And it is likely that treated sewage isn’t the only source of estrogen. When it rains, pulses of estrogens probably enter the coastal ocean as an overflow of storm water temporarily overwhelms sewage treatment plants, and they are forced to shunt untreated or partially treated sewage into the harbor.
Which of these processes are most important? To find out, we first have to measure how much of each type of estrogen is in the bay.
There is a maxim in the field of toxicology that says, “The dose makes the poison.” This is why eating the trace amounts of cyanide in apple seeds is safe, but drinking too much water can kill you. The saying holds for the concentration of estrogen in coastal waters, but distinguishing “harmful” from “safe” is a real challenge—particularly when that threshold lies near the lower limit of detection. This is a common problem for potent substances such as estrogens.
In my current research, with advisors Philip Gschwend at the Massachusetts Institute of Technology and Timothy Eglinton at the Swiss Federal Institute of Technology in Zurich, we are developing methods to detect and identify estrogens. First we pump 10 to 20 gallons of seawater through thin porous disks about the size and thickness of a CD, made from a material that is “sticky” to estrogens and many other compounds in the water. We then return to the lab and soak our disks in a small amount of alcohol, which pulls estrogens off the disks and into the liquid. By evaporating most of the alcohol, we can concentrate our sample down to 1 milliliter (less than a ¼ teaspoon) before injecting 1 percent of that solution into an instrument called a liquid chromatograph mass spectrometer. The LC-MS, as it is referred to, can separate and detect different estrogens based on their specific structures and masses.
Estrogens take a variety of forms, the most potent of which are “free” estrogens—so called because they freely pass into cells and bind with estrogen receptors, initiating a cascade of biological responses. One particularly potent synthetic free estrogen, 17α-ethynylestradiol, has been widely used in birth control pills since the 1960s. Hans Inhoffen and his colleagues at Schering A.G. in Berlin first synthesized 17α-ethynylestradiol in 1938 by adding two extra carbon atoms to a standard form of estrogen. This slight difference in chemical structure makes 17α-ethynylestradiol more potent than natural estrogens, and more likely to persist in the environment.
Our bodies regularly produce a fresh supply of estrogens. To maintain a balance, certain enzymes convert our existing free estrogens into “conjugated” forms that can be excreted in feces and urine. (The conversion involves attaching a sulfate or glucuronide group to an oxygen atom of the free form.) The resulting conjugated estrogen is no longer of the proper size or chemical character to bind to an estrogen receptor, which is why these forms are biologically inactive. That seems like good news: We are excreting inactive forms. It turns out, though, that bacteria in sewers and sewage treatment plants can convert conjugates back into potent free estrogens.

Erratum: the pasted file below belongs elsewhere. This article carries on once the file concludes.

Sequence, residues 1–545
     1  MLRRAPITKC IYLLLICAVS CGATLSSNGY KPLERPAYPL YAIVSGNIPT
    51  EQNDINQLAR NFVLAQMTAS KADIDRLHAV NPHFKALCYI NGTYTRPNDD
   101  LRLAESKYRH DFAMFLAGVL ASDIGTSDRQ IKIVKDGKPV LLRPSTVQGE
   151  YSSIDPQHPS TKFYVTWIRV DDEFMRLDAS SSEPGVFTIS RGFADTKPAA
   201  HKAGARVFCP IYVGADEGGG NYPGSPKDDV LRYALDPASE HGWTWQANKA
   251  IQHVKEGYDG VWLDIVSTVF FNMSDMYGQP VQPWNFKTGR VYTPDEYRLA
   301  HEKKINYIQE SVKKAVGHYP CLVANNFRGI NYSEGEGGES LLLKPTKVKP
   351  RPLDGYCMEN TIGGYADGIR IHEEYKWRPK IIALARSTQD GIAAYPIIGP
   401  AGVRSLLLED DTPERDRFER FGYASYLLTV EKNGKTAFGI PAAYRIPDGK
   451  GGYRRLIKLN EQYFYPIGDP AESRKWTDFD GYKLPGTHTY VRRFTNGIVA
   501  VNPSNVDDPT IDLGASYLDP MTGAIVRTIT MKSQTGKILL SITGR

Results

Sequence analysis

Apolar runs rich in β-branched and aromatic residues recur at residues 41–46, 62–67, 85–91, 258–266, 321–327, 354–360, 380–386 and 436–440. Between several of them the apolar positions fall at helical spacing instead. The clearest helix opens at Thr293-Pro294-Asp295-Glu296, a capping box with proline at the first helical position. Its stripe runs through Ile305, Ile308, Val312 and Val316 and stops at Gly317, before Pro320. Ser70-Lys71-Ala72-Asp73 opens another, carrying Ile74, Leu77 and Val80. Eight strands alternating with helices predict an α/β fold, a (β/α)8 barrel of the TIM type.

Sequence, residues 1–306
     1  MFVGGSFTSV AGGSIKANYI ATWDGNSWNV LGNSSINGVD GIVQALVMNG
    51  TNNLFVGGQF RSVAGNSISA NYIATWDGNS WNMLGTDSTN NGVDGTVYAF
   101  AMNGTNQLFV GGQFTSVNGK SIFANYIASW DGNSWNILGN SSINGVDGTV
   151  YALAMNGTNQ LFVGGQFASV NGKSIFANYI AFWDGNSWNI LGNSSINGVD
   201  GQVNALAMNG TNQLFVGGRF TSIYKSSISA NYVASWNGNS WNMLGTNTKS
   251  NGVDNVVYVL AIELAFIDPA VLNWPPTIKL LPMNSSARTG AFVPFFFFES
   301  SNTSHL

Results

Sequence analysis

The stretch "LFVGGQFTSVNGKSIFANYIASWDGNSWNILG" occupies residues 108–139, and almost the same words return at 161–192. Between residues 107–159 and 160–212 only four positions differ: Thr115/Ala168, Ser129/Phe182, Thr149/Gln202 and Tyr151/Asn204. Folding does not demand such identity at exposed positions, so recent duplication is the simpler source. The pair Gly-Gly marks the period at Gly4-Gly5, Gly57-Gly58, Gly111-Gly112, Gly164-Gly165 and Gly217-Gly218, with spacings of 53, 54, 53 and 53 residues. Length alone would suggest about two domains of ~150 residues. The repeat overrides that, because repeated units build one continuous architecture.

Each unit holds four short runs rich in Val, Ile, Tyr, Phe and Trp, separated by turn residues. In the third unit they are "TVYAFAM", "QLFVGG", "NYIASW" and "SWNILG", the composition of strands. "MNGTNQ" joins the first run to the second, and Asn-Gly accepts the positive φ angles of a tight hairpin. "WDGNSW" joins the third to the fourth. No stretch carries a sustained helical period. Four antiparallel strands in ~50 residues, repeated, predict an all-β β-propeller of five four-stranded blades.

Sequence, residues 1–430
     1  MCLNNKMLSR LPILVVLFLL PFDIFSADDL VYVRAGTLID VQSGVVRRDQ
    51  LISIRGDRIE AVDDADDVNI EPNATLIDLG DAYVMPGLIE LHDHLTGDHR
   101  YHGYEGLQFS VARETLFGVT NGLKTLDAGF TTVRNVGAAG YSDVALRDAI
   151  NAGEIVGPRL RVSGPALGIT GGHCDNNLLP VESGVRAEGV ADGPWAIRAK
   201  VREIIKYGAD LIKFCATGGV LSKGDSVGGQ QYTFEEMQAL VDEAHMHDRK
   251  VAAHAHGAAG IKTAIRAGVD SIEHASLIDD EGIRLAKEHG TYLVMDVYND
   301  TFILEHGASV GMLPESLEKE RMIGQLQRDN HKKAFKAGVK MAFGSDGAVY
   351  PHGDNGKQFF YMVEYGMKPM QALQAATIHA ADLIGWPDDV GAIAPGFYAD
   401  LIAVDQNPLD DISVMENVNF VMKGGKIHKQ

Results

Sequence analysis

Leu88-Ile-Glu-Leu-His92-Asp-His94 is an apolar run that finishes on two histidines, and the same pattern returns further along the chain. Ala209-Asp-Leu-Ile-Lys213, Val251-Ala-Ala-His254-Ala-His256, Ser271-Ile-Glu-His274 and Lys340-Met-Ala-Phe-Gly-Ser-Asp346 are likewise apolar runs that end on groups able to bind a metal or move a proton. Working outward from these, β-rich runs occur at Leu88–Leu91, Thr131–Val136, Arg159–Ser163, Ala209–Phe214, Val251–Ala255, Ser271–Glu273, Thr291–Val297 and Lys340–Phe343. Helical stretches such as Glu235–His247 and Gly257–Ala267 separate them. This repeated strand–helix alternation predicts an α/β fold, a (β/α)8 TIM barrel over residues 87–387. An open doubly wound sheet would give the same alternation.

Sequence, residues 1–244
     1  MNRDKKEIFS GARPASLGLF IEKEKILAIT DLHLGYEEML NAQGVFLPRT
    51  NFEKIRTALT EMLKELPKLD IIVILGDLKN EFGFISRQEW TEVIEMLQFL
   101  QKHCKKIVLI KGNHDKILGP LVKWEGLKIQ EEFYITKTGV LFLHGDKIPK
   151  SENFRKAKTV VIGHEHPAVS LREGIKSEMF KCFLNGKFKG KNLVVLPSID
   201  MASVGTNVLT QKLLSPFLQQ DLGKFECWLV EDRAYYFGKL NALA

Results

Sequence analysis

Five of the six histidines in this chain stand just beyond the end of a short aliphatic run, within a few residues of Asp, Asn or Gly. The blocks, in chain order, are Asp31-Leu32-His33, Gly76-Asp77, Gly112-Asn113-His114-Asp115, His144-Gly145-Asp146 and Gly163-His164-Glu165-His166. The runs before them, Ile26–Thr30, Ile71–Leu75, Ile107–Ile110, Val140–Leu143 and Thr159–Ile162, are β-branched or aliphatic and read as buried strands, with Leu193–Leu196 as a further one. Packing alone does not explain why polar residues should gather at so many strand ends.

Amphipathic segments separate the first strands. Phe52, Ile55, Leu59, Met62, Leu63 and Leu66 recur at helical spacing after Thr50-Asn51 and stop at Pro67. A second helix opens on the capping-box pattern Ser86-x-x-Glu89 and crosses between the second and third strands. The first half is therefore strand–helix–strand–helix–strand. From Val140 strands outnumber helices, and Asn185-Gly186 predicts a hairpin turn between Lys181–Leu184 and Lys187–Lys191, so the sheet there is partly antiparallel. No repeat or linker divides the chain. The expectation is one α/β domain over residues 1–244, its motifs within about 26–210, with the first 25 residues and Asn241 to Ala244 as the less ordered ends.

Sewage treatment alters estrogens in other ways as well. One of the last stages of treatment is disinfection; it is designed to kill harmful germs before effluent is discharged to the environment. Most treatment plants accomplish this by adding what amounts to bleach to the effluent. There is evidence that this step produces chlorinated estrogens that can be nearly as potent as the free forms. What’s more, the chemical structure of chlorinated estrogens makes them more likely to accumulate in animal tissues.
Knowing the concentration or “dose” of each form of estrogen—and there might be dozens of them—in Massachusetts Bay is a critical step in determining whether these chemicals might be posing a threat to local populations of organisms such as shellfish, flounder, or right whales. In general, if concentrations exceed the “no-harm” threshold set by toxicologists, then it may be desirable to move sewage pipes, alter treatment technologies, or work with pharmaceutical companies to redesign drugs that quickly degrade in treatment plants and receiving waters.
Massachusetts Bay is just one place where understanding the chemical forms and behaviors of estrogens could lead to insights about how to design cost-effective solutions. The work here can also help us make predictions for many of the other large coastal cities such as Los Angeles, Hong Kong, and Sydney, which release sewage into nearby coastal waters.
But first things first. By dusk, our precious first samples are secure in a small Igloo cooler. As we motor back to Boston in the fading light, I am charting the days of analyses ahead of me. I'm eager to see if there’s an estrogen story stuck to the disks in our cooler.
This research is funded by a grant from the Coastal Ocean Institute at WHOI and by the EPA STAR graduate fellowship program.